Service was smooth, courteous and unobtrusive. The staff glided around the busy room, pouring, serving, clearing, explaining where necessary, occasionally setting fire to a pudding, but never telling us that their name was Shane, or interrupting a conversation to ask how we were enjoying our meal.
Chateau de Germigney makes a feature of local produce, traditional dishes and seasonal food. Chicken in Chateau-Chalon, a local wine wine, was a star dish, brought to the table in a huge casserole, and the autumn menu was full of game and mushrooms. The big wine list features a good range of Jura wines, and plenty of others for the unconverted; the distinctive Jura wines being something of an acquired taste – but worth the effort.
With very good food in a stylish setting, formal but friendly service, this is one of the best restaurants in the area. (Now the lunch menu is 45 euros and the dinner menus are 80 & 110 Euros. Chef Pierre Basso Moro also has a bistro in the village with a 29 euro menu).
June 2002 – HOSTELLERIE BOURGUIGNONNE – Verdun sur le Doubs, Southern Burgundy
The Hostellerie Bourguignonne is the home of celebrated chef Didier Denis, (left) who prides himself on making the best local ingredients into the best regional cuisine and serving it in a traditional setting. In his handsome old coaching inn, with a flower-filled terrace, he creates delicious Burgundian classics with care and flair.
Passing by one lunchtime last October, we stopped for the menu du jour, which at 130ff for three courses is amazing value at a restaurant of this quality. The menu isn’t displayed, you have to ask for it and there is only one dish per course – no choice. That isn’t any hardship with food as good as this though. In fact, after a couple of weeks of fairly intensive gastronomic decision-making, it’s very relaxing just to be fed.
We began with a hare, hazelnut and pistachio terrine. The intense flavours were set off nicely by the good bread, which they make on the premises. The main course was meat-and-two-veg at its best – a meltingly tender lamb knuckle in a small puddle of reduced sauce, with tiny turned carrots and turnips and buttery mashed potato. For pudding, a creme brulée, gently flavoured with lavender – just lovely. The extras were of a high order too – excellent bread rolls, tiny snail & garlic tarts and delicate gougere to nibble before the first course. Later, little almond cakes and raspberry tarts, plus chocolates & fudge with coffee.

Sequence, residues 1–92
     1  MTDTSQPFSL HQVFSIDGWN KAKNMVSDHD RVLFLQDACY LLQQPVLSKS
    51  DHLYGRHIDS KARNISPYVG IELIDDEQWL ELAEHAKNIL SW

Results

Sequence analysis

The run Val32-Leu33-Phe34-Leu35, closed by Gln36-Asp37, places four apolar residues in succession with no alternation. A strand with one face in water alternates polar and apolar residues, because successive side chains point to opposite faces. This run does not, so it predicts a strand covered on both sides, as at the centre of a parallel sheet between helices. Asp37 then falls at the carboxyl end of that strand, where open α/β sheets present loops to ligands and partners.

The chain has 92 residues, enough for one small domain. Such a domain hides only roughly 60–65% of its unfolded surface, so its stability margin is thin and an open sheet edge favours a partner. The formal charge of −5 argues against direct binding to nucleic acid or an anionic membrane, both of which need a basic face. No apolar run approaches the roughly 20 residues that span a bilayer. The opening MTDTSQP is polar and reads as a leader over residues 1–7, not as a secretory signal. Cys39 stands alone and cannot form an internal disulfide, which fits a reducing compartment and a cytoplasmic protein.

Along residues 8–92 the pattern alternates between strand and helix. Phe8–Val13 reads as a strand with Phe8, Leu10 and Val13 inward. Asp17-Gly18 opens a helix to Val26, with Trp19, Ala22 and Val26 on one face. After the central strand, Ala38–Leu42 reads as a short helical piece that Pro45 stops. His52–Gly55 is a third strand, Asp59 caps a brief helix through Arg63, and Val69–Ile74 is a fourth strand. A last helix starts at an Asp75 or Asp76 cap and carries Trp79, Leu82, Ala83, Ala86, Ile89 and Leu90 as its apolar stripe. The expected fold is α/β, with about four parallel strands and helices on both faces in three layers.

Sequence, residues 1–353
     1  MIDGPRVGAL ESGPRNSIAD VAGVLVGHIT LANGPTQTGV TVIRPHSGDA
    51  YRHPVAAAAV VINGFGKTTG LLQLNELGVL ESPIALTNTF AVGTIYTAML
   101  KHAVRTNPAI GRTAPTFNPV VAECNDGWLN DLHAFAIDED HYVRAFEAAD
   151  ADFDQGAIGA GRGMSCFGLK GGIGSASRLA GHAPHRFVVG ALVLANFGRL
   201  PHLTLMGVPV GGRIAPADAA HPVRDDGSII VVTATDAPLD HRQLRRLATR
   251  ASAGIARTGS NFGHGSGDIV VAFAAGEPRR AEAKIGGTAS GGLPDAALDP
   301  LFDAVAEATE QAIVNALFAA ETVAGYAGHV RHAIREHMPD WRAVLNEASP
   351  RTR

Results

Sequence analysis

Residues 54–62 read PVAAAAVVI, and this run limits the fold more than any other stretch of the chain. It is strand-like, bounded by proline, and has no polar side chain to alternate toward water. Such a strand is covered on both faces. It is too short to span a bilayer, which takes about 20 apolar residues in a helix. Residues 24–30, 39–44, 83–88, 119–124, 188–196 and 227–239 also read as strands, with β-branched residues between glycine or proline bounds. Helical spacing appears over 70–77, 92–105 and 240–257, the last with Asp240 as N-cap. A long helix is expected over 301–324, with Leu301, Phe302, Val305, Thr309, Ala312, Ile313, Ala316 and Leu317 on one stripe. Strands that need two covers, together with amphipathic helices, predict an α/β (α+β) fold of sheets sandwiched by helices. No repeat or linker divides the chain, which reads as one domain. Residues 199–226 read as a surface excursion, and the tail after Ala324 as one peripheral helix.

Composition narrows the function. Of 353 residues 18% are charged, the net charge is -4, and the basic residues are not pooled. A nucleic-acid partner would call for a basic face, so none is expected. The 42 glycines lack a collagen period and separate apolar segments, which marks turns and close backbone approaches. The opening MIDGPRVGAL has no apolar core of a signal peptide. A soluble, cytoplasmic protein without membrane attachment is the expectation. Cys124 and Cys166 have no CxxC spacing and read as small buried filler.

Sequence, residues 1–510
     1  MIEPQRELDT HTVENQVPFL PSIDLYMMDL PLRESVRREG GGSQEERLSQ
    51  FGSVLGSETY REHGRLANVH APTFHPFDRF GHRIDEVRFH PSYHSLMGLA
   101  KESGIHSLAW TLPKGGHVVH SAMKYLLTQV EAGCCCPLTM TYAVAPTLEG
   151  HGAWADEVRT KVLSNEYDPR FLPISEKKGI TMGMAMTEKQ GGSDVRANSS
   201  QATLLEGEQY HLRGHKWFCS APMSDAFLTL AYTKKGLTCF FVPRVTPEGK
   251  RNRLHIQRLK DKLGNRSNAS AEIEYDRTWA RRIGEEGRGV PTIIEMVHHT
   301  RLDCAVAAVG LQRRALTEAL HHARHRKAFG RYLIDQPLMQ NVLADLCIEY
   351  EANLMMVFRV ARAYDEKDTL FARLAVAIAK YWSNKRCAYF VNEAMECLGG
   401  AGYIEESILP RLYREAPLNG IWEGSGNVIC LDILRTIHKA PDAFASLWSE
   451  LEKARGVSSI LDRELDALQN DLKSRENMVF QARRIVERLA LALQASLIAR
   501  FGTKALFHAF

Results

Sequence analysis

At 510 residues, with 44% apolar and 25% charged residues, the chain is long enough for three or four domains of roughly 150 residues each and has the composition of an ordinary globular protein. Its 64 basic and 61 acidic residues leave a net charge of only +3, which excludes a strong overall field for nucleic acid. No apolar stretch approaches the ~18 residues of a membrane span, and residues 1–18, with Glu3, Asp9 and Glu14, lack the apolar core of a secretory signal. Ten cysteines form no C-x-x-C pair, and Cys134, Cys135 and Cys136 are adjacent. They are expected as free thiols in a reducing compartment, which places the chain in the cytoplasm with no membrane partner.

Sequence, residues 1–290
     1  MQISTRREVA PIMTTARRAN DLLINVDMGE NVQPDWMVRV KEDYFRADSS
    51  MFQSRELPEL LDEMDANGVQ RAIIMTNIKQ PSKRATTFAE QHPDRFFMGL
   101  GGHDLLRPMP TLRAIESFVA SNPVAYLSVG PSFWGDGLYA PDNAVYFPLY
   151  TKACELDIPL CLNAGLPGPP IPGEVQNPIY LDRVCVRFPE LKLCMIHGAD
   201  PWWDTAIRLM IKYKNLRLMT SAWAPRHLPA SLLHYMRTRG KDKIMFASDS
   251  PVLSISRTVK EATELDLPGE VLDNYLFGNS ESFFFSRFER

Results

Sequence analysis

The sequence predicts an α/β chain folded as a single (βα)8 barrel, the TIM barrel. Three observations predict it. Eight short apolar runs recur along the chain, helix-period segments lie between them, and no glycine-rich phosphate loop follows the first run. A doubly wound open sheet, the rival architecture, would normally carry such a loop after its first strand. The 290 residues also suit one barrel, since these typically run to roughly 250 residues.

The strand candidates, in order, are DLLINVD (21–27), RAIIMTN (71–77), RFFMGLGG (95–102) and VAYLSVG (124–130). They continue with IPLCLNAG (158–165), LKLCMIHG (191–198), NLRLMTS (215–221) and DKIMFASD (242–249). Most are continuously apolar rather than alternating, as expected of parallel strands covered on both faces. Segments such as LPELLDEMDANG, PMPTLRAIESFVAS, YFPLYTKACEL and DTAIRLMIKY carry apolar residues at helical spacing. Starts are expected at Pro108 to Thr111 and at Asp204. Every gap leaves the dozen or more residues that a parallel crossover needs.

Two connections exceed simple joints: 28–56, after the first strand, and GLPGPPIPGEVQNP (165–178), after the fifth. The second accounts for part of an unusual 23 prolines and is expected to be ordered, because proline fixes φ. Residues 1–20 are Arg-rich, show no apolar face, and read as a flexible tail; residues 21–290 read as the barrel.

The attention to detail in the kitchen is reflected in the dining room; in the attractive table settings with good glassware and cutlery, butter in a silver dish, and smiling, smooth service. This is a proper dining experience. (Since 2002 we have returned many times for cooking classes with Didier and enjoyed some remarkable meals. Now the lunch menu is 22 Euros and dinner is 50-80 Euros.)
BESPOKE FRANCE’s holiday roundup
Hotel barge cruising – the ultimate unwinding holiday on fully crewed barges sleeping 4-21 in air-conditioned, en suite cabins.
Private escorted tours – small group tours to your favourite places. Tours are custom-designed for people who enjoy good food and wine and the intimacy of a small, flexible tour, travelling by minibus, and/or boat, with Robert driving and Barbara guiding.
The Walking Party – fully escorted walking holidays in south-west France.
Canal Boats – self drive, self catering holidays on the extensive French waterways, plus Italy, Germany, Belgium, Ireland, UK and Holland.
Freewheeling France – unique self-drive motoring itineraries for independent travellers offering the freedom of independent travel with the security of an escorted tour.
Backroad Discovery – a choice of independent cycling & walking holidays in the Loire, Burgundy, Alsace, Champagne, Dordogne, Midi, Provence and Brittany.
Residential language and cooking courses – Study French at a charming manor house outside Roanne, or hone your cooking skills at a lovely old farmhouse near Laval.
Bonus services – Our 35 years of French experience, and included with our holidays are all sorts of useful information and tips (train connections, airport transfers, restaurants). Plus we are happy to book additional accommodation from our long list of tried and tested character hotels, and car rentals, lease vehicles, train tickets …………..